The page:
Passionate visitors of graves and graveyards often have favourite stones – stones with ornate decoration, touching epitaphs or extravagant lichen covering, stones that hold personal memories.
A stone can express many things for those who erect them as well as for those who them.
But stones can also be tools.
There is a certain species that has favourite stones in a number of graveyards – the song thrush. A bird, not unlike a blackbird but much lighter in colour, with brown and cream feathers and a lovely song. The thrush has more and more discovered graveyards and parks as his favourite habitat, its song accompanies the solititude of many a visitor.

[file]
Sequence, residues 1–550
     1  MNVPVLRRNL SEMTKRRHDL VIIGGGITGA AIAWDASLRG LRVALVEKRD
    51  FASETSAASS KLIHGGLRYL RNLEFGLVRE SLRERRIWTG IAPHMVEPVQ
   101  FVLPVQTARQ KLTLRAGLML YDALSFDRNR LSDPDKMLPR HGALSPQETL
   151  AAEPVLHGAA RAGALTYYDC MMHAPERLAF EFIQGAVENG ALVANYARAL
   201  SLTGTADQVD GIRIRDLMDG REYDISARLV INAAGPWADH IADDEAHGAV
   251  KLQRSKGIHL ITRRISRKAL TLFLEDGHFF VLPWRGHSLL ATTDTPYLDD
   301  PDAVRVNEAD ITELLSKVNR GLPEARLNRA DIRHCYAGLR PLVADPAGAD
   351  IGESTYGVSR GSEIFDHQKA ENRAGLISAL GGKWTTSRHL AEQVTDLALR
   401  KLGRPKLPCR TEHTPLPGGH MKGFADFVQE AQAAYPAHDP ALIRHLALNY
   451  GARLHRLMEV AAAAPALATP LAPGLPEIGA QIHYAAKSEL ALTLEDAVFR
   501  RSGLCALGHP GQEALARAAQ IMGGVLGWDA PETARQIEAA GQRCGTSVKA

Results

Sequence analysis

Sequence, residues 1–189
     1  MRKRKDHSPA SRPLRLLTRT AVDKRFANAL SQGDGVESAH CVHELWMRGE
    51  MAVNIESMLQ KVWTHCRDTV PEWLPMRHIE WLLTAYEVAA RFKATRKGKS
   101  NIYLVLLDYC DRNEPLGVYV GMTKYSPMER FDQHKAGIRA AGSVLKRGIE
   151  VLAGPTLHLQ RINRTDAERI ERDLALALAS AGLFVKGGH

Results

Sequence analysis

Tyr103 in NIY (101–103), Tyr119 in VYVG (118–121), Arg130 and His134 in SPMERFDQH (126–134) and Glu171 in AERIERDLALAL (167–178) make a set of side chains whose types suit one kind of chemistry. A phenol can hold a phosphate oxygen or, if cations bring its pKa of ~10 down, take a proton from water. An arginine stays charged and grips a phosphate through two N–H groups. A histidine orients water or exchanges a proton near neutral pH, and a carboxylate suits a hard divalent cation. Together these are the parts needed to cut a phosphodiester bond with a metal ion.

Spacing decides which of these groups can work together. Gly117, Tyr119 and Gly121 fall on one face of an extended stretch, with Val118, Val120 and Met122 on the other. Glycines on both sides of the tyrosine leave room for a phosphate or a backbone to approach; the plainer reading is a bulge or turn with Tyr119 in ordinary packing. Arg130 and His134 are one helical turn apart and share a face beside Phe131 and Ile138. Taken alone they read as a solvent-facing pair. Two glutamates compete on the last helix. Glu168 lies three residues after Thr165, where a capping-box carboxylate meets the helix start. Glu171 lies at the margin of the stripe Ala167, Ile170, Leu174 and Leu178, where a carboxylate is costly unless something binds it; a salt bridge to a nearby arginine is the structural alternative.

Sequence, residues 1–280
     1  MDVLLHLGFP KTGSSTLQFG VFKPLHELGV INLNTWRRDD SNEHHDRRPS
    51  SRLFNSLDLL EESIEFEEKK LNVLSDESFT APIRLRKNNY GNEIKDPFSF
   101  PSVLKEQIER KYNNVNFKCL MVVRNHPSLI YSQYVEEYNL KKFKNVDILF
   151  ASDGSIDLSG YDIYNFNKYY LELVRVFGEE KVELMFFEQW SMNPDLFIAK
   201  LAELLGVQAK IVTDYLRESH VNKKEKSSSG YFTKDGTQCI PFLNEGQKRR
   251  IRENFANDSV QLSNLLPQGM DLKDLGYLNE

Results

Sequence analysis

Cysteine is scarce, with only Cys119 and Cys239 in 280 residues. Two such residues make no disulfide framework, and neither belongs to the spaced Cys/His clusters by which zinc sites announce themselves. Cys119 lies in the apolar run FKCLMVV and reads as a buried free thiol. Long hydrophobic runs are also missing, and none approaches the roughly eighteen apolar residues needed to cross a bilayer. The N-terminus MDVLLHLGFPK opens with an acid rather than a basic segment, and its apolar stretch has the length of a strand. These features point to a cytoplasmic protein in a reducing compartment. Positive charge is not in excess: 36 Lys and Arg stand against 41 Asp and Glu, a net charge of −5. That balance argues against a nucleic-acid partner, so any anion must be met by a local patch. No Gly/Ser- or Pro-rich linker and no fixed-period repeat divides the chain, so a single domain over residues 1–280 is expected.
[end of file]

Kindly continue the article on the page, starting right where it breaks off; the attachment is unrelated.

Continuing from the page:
Thrushes eat snails and they use the gravestones to crack the snail shells open so they can eat them. The gravestone becomes the thrush’s anvil, a kind of tool to access food, just like knives and forks for humans.
Their favourite stones are easily spotted by a bounty of empty shells.
An intriguing thought that the markers for the dead can be made use of to sustain life.
Sign of life among the dead.
Lochinver graveyard is just one of many, where this phenomena can be found. Just look out for the song thrush’s favourite stones.